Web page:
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IF TOLSTOY HAD BEEN A SPORTSWRITER AND OTHER THOUGHTS AT THE START OF AUTUMN IN NEW YORK

What did Leo Tolstoy say about happy families all being happy in the same way and unhappy families being unhappy in different ways? Don’t think Leo ever followed a baseball team though I’ve have heard that the Russian baron Prokhorov who is buying the New Jersey Nets may rename them the Nyets.. Whether or not sports may be considered War and Peace, I’ve always thought Tolstoy’s sentiment could apply to baseball teams. All winning teams are happy in the same way while losing teams always find a different unhappy way to lose! Case in point the Orioles who have lost 10 in a row and a season of 100 losses seems almost inevitable now. There is no reliable pitching either at the beginning or at the end of the game and the hitting is spotty and the losing malaise lingers everywhere.

The Birds actually won a mid-September series at Yankee Stadium and gave a little hope of ending the season on an up note. Then they caved in five straight times to the Red Sox, losing the season series 16 games to 2. One of the two games they won was a remarkable 11-10 victory over the Red Sox in late June during which they actually trailed at one point by 9 runs. The next day they reverted to form blowing a 5-1 lead in the 9th inning and ultimately losing 6-5 in extra innings. They are once again the Woerioles, owned by Angelose-lose-lose, Peter and his two sons, and the best efforts of Andy MacPhail of the highly successful baseball MacPhail family have come up short again. They may have recently developed some players in their farm system but the losing atmosphere prevails and that is real hard to break. Maybe at last that minor-major league complex in Sarasota opening next spring will be the start of something at least respectable.

And now for something completely different and happier . . .
“Autumn in New York/Why is it so exciting?/Autumn in New York/It brings the thrill of first nighting.” Isn’t that one of the greatest lyrics and tunes ever? Words and music by Vernon Duke, born Vladimir Dukelsky in pre-Soviet Russia.
Pretty soon there will be Indian summer another not as great but still a pretty 1919 tune by Victor Herbert. It is a special time of year when the days grow short (another great tune “September Song” by Kurt Weill with words by Maxwell Anderson) but the baseball pennant races heat up and the autumnal madness of football takes over. And music is in the air. Because of a nagging cough all month haven’t heard much live music but did hear this afternoon a good reading from author/actress Karen Chilton’s new biography of pianist/movie star/life force Hazel Scott who at long last has had the story of her remarkable life (1920-1982) that was so much more than being briefly the wife of Adam Clayton Powell, Jr. More on this story later this fall.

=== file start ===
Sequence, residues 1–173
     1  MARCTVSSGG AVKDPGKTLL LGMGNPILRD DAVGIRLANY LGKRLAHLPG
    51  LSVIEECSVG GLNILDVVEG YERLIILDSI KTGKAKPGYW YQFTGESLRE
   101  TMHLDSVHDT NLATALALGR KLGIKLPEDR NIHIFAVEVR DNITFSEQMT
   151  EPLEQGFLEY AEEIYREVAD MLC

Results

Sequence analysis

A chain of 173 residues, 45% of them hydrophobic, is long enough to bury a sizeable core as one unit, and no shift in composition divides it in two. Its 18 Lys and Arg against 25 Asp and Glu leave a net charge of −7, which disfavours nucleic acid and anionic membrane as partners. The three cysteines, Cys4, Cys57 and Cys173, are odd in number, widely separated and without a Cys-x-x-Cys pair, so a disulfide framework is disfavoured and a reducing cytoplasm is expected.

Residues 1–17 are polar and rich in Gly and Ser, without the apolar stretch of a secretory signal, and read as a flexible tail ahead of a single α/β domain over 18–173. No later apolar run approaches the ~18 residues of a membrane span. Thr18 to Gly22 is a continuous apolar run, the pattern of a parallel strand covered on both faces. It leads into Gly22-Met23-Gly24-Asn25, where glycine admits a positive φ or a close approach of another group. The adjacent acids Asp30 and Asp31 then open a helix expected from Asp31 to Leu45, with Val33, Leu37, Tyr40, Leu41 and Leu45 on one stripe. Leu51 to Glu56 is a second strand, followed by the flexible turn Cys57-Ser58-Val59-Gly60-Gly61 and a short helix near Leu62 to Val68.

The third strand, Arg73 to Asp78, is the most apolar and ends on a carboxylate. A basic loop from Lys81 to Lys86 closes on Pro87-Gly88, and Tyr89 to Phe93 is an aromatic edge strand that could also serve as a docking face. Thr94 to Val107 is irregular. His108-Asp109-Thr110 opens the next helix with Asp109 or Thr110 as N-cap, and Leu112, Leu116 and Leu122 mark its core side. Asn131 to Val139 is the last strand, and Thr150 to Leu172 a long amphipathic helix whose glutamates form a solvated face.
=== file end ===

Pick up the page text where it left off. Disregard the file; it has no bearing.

THOUGHTS ON THE PLAYOFFS:
As it should be, the four-game series beginning in Detroit tonight Monday Sept 28 should determine if the Twins can catch the Tigers who lead the mediocre AL Central division by two games with seven to play. Minnesota lost a chance to sweep three at home last weekend when the rarely-used Detroit lefty Nate Robertson accomplished what Tigers ace Justin Verlander couldn’t do the day before, beat the Twins in the indoor Metrodome that fortunately will be abandoned for a new outdoor stadium on the other side of downtown Minneapolis starting next April. It wasn’t Verlander’s fault that defensive replacement/rookie left fielder Don Kelly lost a routine fly ball as afternoon shadows crept into the tinted Dome roof. Verlander is an ace by any measure and is a sturdy Cy Young candidate as is the Yankees’ C. C. Sabathia, the Mariners’ Felix Hernandez and the sentimental favorite the Royals’ Zack Greinke who has the league’s best ERA.

I would think that Greinke is the strong favorite now after shutting down the Twins yesterday to bring his win total to 15. That is not a great number but the poorness of the Kansas City offense and defense and their general inability to know how to win shouldn’t be held against him.

Happily for a fine baseball town, the Royals have won its share of September games, actually winning two series from the Tigers and also beating the erstwhile contending White Sox and splitting four games with the Red Sox. Royals manager Trey Hillman, a former Yankee minor league manager who also managed in Japan, and his staff have been rehired for 2010 so perhaps there is some hope of at least respectability for a team whose town deserves better.

Most of September I’ve been bothered with upper respiratory congestion that explains why I haven’t posted more often. Also was busy putting the finishing touches for a new edition of my first book THE IMPERFECT DIAMOND: A HISTORY OF BASEBALL’S LABOR WARS that should be out in the spring from U of Nebraska Press that also published my Branch Rickey biography. As the playoffs open and the games hopefully become more gripping you will hear more often from me.
Be well, be fun, take it easy but take it. Ciao for now!



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